Reference and EducationStudy

Impacts of an illustrated Civic Education Book For Children

The opportunity to create social change is always present, but it only works if citizens have the knowledge, skills, and dispositions needed for democratic action. These are the products of civic education.

Children’s opportunities to engage in civic activity often need to be noticed. This is a shame because civic learning in early childhood can challenge simplistic ideas of citizenship rooted in obedience and conformity.

Inspires Children to Take Action

There are tens of thousands of picture books published that teachers might use in their classrooms.

Kids learn how elections work and the history of voting rights in this lively informational text illustrated with colorful characters. Resist profiles people who stood up for their beliefs and inspires readers to fight for their values. This book is an essential tool for a generation of citizens ready to shape the world.

Engages Children in Learning

Conventional civic education efforts tend to position young children as future or emergent citizens. Thus, they rarely offer experiences recognizing them as current civic actors.

A simple rhyming story of how bills become laws will inspire young activists to launch their first letter-writing campaign to legislative leaders. Civic education book for children even features a respectful amount of civic disagreement, a lesson that will stick with kids long after they leave the classroom.

Across many school districts, social studies curriculum frameworks call for teachers to expose students to maps/geography, history, and civics through books. Consequently, there are likely tens of thousands of picture books teachers might encounter with their students. Using open coding, this study identifies themes related to civics education in the countless books teachers might use with their students. The findings demonstrate that it is possible to foster civic action in elementary schools, even with limited time and resources.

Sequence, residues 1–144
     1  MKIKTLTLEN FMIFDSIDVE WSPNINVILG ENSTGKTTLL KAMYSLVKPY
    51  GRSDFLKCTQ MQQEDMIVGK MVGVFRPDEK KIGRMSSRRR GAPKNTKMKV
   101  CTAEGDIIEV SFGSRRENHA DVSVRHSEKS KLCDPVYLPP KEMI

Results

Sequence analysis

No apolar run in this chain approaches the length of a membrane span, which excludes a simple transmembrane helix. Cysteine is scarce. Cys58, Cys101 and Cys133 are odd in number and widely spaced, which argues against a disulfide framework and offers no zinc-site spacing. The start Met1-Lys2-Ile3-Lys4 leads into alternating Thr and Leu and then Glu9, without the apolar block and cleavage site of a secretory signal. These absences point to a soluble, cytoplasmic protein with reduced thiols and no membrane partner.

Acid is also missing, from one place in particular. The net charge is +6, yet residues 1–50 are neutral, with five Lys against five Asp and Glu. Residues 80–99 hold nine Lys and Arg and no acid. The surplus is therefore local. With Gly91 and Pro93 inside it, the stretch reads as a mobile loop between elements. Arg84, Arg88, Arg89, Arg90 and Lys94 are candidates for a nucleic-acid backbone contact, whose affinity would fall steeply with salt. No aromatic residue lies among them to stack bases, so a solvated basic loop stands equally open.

Inspires Children to Think Critically

In a time when political trust and a shared standard of truth are breaking down, empowering children to think critically and to participate in civic discourse is more critical than ever. This book explores how teaching civic education in contentious times can foster critical thinking and encourage students to engage with others across lines of deep disagreement.

Using laugh-out-loud cartoony illustrations, this book shows how the Constitution gives all citizens many rights, including the right to vote, freedom of religion and speech, and the right to be heard in court when accused of crimes or civil wrongs. It also explains that the Constitution does not guarantee these rights to the government but instead to individuals and communities.

Most literature in civic education positions young children as future or emergent citizens, leaving them needing experiences that recognize their current capacity to be civic actors.

Inspires Children to Become Leaders

Using books to teach civics lessons can support students to become leaders in their classrooms, schools, communities, and global society.

Many teachers have curated collections and guides for using picture books in a civics curriculum.

Children and teachers can use books to inspire their learners to act on their communities’ behalf by celebrating¬†shared social practices. These community practices help to build a culture of democracy. These practices may be more necessary than ever in our polarized political environment where democratic trust and a common standard of truth are broken. This is especially true for young children. Our education system must recognize this and provide them with opportunities to act as citizens of their community.

Related Articles

Leave a Reply

Your email address will not be published. Required fields are marked *

Back to top button